The reform caused a significant shake-up in the overall profile of the judiciary, with a large number of former judges ceasing to be judges. The court at hand however was able to absorb and neutralize the reform impact throughout its implementation.
First, the quota reform’s ambition to separate judges from administrators forced judges holding political and administrative offices to make a choice. And their choices were clear: the majority of them decided to stay in the administrative departments, while predictably few were willing to give up their status and ranking, especially those holding key positions.
Second, the quota reform unintentionally gave rise to a renewed exodus of middle career judges who left for law firms or other private sector employment. The trend of able judges leaving the judiciary for other careers was well-known, and the quota reform was intended to reign in the problem. However, by reducing the size of the judiciary and creating uncertainty among judges, the reform triggered another miniature exodus – judges, fearful of being left out and worried about the future prospect in an uncertain environment, seized the opportunity to leave the judiciary.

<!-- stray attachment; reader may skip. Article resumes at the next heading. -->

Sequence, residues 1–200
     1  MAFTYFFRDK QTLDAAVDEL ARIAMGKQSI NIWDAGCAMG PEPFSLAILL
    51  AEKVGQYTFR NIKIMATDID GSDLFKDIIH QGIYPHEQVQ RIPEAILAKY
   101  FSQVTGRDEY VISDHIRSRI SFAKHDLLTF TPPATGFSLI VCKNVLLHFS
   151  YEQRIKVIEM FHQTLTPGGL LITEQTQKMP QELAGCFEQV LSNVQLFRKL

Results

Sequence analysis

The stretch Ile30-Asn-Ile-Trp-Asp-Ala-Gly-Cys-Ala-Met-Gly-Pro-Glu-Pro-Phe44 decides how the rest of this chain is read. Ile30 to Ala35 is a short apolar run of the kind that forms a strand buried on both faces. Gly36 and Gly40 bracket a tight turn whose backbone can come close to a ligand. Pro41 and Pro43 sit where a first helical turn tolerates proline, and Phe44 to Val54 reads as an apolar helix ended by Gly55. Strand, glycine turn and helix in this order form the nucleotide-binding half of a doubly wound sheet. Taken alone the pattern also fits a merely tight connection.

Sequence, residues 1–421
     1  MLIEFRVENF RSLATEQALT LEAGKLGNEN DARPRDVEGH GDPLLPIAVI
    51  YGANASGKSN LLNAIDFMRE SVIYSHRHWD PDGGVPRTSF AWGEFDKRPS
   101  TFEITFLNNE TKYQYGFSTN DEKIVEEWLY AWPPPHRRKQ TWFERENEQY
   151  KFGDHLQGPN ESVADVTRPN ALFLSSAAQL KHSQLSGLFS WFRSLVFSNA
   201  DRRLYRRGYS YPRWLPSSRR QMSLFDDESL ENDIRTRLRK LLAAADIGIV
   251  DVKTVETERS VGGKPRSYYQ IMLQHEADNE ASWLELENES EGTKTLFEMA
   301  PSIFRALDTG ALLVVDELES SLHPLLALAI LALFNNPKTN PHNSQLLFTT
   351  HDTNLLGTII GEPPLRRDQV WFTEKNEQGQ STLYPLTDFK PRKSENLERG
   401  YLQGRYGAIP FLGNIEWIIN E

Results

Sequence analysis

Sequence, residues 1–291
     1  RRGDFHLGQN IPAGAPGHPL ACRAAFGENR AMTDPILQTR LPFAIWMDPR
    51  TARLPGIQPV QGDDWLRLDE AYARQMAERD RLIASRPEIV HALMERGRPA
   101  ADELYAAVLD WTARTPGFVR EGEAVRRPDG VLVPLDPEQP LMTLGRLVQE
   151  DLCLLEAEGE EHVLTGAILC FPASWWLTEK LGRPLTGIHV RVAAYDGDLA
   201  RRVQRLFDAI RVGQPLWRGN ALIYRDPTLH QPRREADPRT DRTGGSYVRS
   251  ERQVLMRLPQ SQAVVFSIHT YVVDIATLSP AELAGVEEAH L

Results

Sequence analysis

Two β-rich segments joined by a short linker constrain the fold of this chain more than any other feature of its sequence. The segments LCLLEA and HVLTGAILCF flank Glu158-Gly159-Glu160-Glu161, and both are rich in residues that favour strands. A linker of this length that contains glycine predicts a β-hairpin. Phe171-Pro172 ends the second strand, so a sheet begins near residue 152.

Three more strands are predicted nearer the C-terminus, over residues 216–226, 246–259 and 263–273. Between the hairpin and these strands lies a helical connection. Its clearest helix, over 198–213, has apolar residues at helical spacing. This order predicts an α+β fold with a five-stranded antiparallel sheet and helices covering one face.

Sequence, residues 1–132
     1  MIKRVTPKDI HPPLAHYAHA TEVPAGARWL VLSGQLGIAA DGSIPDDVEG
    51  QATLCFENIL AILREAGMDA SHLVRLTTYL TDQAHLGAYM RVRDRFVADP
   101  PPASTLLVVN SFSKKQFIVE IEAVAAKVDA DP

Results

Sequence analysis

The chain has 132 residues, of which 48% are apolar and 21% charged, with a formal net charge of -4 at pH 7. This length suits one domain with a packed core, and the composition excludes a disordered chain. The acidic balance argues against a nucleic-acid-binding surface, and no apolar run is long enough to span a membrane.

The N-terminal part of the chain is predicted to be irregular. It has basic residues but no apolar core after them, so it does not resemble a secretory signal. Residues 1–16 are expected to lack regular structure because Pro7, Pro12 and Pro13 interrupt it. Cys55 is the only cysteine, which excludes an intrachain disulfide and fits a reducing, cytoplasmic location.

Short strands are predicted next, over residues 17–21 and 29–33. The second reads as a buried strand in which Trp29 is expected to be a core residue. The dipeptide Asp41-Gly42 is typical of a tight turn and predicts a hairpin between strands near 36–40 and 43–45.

Third, the quota reform posed a significant challenge to courts as they had to contend with a sizeable group of judges who participated in the quota selection but failed and as a result were demoted to the rank of judicial assistants. They did so by offering a transition period, or grace period, during which some of the disqualified judges were allowed, de facto, to adjudicate as judges.
The centre-piece of judge quota reform was to free frontline judges from bureaucratic control in judicial decision that they used to be subjected to, and to abolish the vetting system that required judges to submit their draft opinions to leaders for approval, all to facilitate and promote individualised judging. And indeed, gradually, judging started to shift away from a collective endeavour with decisions subject to multiple layers of vetting and approval. The quota system was successful in placing individualised judging and accountability at the centre of adjudication in the vast majority of cases and in shifting the focus of judicial decisions from a fixation on the social impact of a decision to emphasis on its internal legal quality within an increasingly self-referencing judicial universe. With the new focus on the court-centric and rules-based dimension of judging, as the reforms require, judges do increasingly look for legal guidance to craft a decision. On the other hand, while the rise of individualised judging has created space for judges to deliberate individual cases, it does not reduce judicial accountability. Rather, it created an opportunity for reconfiguration of the control system. Riding on the tide of standardisation, a higher court is filling the gap that the reforms created at the local level and exercising real leadership.